Virtual Tourist: Five Great Non-Art Museums
Sunday, May 20, 2012
Orchard Street Tenement Fa├žade.
 
The Tenement Museum preserves and interprets the history of
immigration through the personal experiences of the generations of newcomers who settled in and built lives on Manhattan's Lower East Side, America's iconic immigrant neighborhood
 
Photo by Keiko Niwa
 
 
Lower East Side Tenement Museum, New York City, N.Y.
 
Although Ellis Island reveals that immigrants' hardships continued upon arriving in America, few museums or landmarks illustrate the plight of immigrants in major metropolitan cities. The Lower East Side Tenement Museum is such a place. It is housed in an original tenement building that was discovered intact in the late 1980s and a guided tour through the dark, cramped quarters shows what living conditions were like in New York City before housing laws were established. Ironically, the Lower East Side is experiencing a great resurgence, due to its proximity to popular Soho and trendy East Village restaurants -- the contrast between the inside of 97 Orchard Street and what's occurring outside the museum's walls is truly remarkable.
 
Museo Nacional De Antropologia, Mexico City, Mexico
 
Many visitors to Mexico walk the ruins at Chichen Itza and Xochicalco, but few realize there is a central location to admire Olmec, Mayan and Aztec relics within Mexico City. The Museo Nacional de Antropologia is considered one of the world's finest archaeological museums, with an incredible display of pre-Columbian artifacts, including the Piedra del Sol, or the "Stone of the Sun," the Aztec calendar stone found in Mexico City's main square.
 
National Air and Space Museum, Washington, D.C.
 
The National Air and Space Museum, part of the Smithsonian, is both the world's largest collection of historic aircraft and spacecraft, but also one of the most visited museums in the world. It houses landmark pieces from scientific history, including the original Wright brother's 1903 Flyer, Charles Lindbergh's Spirit of St. Louis, and the command module from Apollo 11. It's also a safe bet that you can get astronaut ice cream here. As with all Smithsonian museums and the zoo in Washington, D.C., admission is free.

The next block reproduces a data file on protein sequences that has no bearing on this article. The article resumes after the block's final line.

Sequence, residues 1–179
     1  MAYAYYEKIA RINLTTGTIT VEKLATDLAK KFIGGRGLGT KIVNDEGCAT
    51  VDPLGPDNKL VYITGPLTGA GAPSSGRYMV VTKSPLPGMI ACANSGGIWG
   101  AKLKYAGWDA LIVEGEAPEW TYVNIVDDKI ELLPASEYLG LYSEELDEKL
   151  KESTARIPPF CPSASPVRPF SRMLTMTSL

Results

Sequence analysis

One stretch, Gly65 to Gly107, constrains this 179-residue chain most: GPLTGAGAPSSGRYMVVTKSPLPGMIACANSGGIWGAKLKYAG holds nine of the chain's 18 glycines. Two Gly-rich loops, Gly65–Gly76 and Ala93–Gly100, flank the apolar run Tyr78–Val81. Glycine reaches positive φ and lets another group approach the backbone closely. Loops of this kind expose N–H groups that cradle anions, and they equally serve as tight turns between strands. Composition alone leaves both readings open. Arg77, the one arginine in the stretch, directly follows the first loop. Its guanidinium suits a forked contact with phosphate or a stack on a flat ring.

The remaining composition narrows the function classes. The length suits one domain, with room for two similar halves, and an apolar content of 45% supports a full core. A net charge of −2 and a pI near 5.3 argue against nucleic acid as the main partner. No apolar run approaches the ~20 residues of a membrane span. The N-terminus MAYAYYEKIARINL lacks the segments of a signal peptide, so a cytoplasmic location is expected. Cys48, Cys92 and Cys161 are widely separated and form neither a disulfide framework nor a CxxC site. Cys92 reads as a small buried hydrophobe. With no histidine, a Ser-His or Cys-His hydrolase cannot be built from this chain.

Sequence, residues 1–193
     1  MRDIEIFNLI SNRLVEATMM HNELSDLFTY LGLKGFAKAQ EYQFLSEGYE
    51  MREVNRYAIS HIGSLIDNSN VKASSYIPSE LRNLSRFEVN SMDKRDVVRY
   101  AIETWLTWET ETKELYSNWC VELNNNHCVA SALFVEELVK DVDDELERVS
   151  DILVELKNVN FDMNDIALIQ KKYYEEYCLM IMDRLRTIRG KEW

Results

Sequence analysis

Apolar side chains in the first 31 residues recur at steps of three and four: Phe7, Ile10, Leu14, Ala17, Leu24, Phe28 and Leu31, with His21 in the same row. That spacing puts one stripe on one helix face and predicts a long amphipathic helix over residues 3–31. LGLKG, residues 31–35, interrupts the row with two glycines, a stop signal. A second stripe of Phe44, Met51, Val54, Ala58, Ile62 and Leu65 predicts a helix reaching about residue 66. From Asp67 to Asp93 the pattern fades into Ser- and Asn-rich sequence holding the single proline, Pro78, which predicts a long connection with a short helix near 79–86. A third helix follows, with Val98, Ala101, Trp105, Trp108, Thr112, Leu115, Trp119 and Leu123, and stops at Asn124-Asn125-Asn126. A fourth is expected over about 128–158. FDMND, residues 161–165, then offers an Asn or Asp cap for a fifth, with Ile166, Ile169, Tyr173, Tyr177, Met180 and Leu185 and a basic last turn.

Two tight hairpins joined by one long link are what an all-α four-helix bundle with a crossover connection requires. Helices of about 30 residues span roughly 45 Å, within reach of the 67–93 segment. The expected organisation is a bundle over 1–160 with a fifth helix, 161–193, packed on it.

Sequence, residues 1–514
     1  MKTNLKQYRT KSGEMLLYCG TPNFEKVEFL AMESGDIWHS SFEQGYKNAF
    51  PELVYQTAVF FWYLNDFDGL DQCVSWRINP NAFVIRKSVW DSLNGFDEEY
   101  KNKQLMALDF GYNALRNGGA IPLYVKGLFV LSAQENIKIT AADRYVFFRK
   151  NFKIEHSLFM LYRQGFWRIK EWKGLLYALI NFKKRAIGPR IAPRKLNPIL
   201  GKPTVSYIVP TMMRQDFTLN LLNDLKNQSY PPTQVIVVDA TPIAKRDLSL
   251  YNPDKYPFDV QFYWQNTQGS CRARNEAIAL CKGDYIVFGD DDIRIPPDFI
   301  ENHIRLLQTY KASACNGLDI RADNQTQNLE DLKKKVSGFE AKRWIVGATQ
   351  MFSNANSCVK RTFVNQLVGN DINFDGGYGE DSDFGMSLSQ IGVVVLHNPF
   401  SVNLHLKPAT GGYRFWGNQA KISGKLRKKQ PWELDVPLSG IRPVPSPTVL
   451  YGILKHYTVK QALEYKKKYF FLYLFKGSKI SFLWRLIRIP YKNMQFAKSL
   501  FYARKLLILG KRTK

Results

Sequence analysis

The British Museum, London, England
 
Established in 1753 through an Act of Parliament and a bequeathed gift from a physician's estate, the British Museum does contain art pieces, but it's more famous for its impressive collection of archaeological finds. The museum's high-profile acquisitions include the Rosetta Stone and the Parthenon Sculptures, more commonly known as the "Elgin Marbles" after the ambassador who brought the sculptures back to Britain from Athens. Equally impressive is the museum's architecture -- the Queen Elizabeth II Great Court, designed by Sir Norman Foster, is the largest covered public square in Europe.
 
The Egyptian Museum, Cairo, Egypt
 
This museum houses the greatest collection of Egyptian art in the world, including the treasures from the Tomb of King Tutankhamen and the world's largest collection of Pharaonic antiquities. There are more than 120,000 artifacts on display, from small statues to the actual mummies of Egyptian royalty, and widely recognized iconic pieces like the Gold Mask of Tutankhamen. VirtualTourist.com members agreed that it was nearly impossible to take in everything in only one visit, so go twice if time permits. Also, no photography is allowed inside the museum; in fact, you must leave your cameras outside.
 
(c) 2012 VirtualTourist.com, Distributed by Tribune Media Services Inc.
 
This was printed in the May 20, 2012 - June 2, 2012 Edition
 

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